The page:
With elections for the parliament and the Assembly of Experts scheduled for February 2016, hard-liners launched a new crackdown in 2015. At least four journalists were arrested, while several intellectuals, artists, and human rights activists were sentenced to lengthy prison terms. Washington Post correspondent Jason Rezaian, an Iranian-American, was sentenced to an unspecified prison term following a closed-door trial on widely criticized espionage charges. There was also a surge in executions during the year, with estimates indicating that the number easily exceeded the reported total for 2014.

Political Rights: 7 / 40
A. Electoral Process: 3 / 12
The supreme leader, who has no fixed term, is the highest authority in the country. He is the commander in chief of the armed forces and appoints the head of the judiciary, the heads of state broadcast media, and the Expediency Council—a body tasked with mediating disputes between the Guardian Council and the parliament. He also appoints six of the members of the Guardian Council; the other six are jurists nominated by the head of the judiciary and confirmed by the parliament, all for six-year terms. The supreme leader is appointed by the Assembly of Experts, which also monitors his work. However, in practice his decisions appear to go unchallenged by the assembly, whose proceedings are kept confidential. The current supreme leader, Ali Khamenei, succeeded Islamic Republic founder Ruhollah Khomeini in 1989.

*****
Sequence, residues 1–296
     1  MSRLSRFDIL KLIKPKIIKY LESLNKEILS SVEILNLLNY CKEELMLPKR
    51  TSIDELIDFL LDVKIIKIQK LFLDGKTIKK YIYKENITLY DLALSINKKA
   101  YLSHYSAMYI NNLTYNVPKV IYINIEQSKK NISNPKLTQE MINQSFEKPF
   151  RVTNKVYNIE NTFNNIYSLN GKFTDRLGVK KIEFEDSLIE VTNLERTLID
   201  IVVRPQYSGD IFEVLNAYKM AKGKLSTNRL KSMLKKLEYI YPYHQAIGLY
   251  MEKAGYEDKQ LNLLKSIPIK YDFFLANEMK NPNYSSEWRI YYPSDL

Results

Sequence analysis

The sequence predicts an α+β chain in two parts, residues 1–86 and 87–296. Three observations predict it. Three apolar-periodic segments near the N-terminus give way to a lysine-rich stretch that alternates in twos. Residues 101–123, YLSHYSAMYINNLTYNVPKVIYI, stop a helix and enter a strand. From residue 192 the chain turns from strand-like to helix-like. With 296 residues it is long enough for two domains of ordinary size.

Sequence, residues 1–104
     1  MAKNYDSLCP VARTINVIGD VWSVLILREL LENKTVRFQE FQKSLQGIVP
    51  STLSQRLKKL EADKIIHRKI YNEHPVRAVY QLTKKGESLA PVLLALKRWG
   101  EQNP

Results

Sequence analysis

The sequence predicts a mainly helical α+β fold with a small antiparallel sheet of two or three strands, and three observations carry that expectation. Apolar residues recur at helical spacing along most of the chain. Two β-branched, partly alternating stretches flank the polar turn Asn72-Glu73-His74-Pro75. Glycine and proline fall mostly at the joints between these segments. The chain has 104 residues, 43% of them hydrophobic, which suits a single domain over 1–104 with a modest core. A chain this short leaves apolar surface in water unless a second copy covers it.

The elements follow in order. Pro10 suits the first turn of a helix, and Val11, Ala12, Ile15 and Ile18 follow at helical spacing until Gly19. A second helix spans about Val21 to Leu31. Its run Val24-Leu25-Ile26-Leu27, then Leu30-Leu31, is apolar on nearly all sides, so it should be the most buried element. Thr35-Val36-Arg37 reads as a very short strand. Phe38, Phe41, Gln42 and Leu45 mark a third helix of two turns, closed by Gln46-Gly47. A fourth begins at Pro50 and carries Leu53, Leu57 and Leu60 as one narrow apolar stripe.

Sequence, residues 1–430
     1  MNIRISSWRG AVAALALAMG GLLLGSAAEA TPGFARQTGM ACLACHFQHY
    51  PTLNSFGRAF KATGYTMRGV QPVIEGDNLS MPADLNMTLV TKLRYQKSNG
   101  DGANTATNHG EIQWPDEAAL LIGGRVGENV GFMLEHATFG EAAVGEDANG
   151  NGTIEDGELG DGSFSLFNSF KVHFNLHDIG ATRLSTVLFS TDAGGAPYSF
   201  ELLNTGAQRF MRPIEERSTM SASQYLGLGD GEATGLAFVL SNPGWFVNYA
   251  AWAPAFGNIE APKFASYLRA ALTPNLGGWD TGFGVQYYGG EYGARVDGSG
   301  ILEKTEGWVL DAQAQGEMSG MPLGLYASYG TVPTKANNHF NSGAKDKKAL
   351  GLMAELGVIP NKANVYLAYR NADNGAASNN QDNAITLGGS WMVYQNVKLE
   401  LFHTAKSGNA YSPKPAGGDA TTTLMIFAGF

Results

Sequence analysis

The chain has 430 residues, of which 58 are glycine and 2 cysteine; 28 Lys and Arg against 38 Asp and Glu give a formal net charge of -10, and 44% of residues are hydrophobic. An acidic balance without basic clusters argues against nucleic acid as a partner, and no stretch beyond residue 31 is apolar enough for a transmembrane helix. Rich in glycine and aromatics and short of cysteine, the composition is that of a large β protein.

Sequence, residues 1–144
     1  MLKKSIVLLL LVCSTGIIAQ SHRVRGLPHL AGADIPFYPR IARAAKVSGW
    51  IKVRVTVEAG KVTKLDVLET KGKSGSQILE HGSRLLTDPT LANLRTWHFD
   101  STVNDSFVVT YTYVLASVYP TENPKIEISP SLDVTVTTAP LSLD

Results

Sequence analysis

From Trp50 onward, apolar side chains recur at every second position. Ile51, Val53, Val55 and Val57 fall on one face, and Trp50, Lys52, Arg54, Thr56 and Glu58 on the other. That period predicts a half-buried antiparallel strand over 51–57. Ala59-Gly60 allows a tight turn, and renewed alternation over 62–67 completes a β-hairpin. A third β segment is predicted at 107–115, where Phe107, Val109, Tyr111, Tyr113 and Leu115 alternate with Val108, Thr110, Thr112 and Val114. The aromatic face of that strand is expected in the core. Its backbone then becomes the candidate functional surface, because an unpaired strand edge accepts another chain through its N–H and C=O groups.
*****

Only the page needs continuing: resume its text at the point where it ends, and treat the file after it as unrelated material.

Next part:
Elections in Iran are not free and fair, according to international standards. The Guardian Council, controlled by conservatives, vets all candidates for the parliament, president, and the Assembly of Experts—a body of 86 clerics who are elected to eight-year terms by popular vote. The council has in the past rejected candidates who are not considered insiders or deemed fully loyal to the clerical establishment, as well as women seeking to run in the presidential election. As a result, Iranian voters are given a limited choice of candidates.
As the country prepared for the 2016 parliamentary and Assembly of Experts elections in 2015, officials renewed a debate over the role of the Guardian Council. Rouhani suggested in August that the council’s proper function is to supervise rather than administer elections. His comments appeared to reflect concern that the body would bar moderate and reformist candidates from running. Hard-line officials hit back, including the IRGC commander Mohammad Ali Jaafari, who warned against weakening the “pillars of the revolution.”
B. Political Pluralism and Participation: 2 / 16